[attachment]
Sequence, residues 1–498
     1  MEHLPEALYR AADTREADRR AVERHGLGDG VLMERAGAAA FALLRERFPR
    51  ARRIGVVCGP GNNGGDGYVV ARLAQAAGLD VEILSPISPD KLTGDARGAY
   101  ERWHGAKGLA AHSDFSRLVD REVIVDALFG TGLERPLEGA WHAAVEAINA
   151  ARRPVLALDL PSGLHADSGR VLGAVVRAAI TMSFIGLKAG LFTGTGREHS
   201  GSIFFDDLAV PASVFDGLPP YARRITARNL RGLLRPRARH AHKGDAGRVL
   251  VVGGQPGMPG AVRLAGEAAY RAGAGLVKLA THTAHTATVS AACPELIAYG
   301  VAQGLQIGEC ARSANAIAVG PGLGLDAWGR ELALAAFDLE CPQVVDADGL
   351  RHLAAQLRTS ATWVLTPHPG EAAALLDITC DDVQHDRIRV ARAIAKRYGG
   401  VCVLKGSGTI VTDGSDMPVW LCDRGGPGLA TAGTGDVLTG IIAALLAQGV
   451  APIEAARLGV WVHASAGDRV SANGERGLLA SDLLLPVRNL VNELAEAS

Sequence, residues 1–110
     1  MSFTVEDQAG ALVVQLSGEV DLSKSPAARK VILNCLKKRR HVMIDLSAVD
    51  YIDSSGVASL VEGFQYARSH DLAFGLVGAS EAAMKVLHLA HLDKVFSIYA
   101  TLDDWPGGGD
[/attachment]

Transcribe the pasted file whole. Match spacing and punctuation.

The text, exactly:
Sequence, residues 1–498
     1  MEHLPEALYR AADTREADRR AVERHGLGDG VLMERAGAAA FALLRERFPR
    51  ARRIGVVCGP GNNGGDGYVV ARLAQAAGLD VEILSPISPD KLTGDARGAY
   101  ERWHGAKGLA AHSDFSRLVD REVIVDALFG TGLERPLEGA WHAAVEAINA
   151  ARRPVLALDL PSGLHADSGR VLGAVVRAAI TMSFIGLKAG LFTGTGREHS
   201  GSIFFDDLAV PASVFDGLPP YARRITARNL RGLLRPRARH AHKGDAGRVL
   251  VVGGQPGMPG AVRLAGEAAY RAGAGLVKLA THTAHTATVS AACPELIAYG
   301  VAQGLQIGEC ARSANAIAVG PGLGLDAWGR ELALAAFDLE CPQVVDADGL
   351  RHLAAQLRTS ATWVLTPHPG EAAALLDITC DDVQHDRIRV ARAIAKRYGG
   401  VCVLKGSGTI VTDGSDMPVW LCDRGGPGLA TAGTGDVLTG IIAALLAQGV
   451  APIEAARLGV WVHASAGDRV SANGERGLLA SDLLLPVRNL VNELAEAS

Sequence, residues 1–110
     1  MSFTVEDQAG ALVVQLSGEV DLSKSPAARK VILNCLKKRR HVMIDLSAVD
    51  YIDSSGVASL VEGFQYARSH DLAFGLVGAS EAAMKVLHLA HLDKVFSIYA
   101  TLDDWPGGGD